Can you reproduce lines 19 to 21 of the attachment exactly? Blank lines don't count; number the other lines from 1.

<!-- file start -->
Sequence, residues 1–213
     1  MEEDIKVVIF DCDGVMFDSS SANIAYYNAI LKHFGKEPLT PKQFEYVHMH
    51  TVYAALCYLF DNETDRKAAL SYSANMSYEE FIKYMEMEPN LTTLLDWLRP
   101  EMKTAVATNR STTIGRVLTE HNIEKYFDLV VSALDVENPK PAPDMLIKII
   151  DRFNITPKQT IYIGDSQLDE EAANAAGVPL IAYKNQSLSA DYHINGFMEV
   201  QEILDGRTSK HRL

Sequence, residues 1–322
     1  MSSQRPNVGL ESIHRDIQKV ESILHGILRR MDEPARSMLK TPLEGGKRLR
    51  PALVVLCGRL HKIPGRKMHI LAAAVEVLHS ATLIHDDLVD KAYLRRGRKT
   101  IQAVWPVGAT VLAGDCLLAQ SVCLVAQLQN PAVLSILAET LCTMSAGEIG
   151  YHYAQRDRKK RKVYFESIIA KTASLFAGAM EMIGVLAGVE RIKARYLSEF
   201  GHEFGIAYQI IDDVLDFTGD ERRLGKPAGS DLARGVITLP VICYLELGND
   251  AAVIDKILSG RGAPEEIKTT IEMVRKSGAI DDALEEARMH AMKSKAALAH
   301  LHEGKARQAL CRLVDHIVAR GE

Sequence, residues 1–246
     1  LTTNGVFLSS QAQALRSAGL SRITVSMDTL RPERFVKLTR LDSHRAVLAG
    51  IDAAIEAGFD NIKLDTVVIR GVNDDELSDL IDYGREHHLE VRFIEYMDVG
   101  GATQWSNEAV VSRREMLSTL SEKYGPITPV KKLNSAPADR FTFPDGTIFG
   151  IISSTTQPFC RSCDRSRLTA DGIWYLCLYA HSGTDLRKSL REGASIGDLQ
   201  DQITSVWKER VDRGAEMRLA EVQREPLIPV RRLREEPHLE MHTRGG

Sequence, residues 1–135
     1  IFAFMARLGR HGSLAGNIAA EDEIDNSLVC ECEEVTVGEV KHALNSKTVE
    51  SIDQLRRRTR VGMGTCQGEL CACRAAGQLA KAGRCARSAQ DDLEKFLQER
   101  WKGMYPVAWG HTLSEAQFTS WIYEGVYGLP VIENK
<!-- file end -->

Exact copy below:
   151  IISSTTQPFC RSCDRSRLTA DGIWYLCLYA HSGTDLRKSL REGASIGDLQ
   201  DQITSVWKER VDRGAEMRLA EVQREPLIPV RRLREEPHLE MHTRGG

Sequence, residues 1–135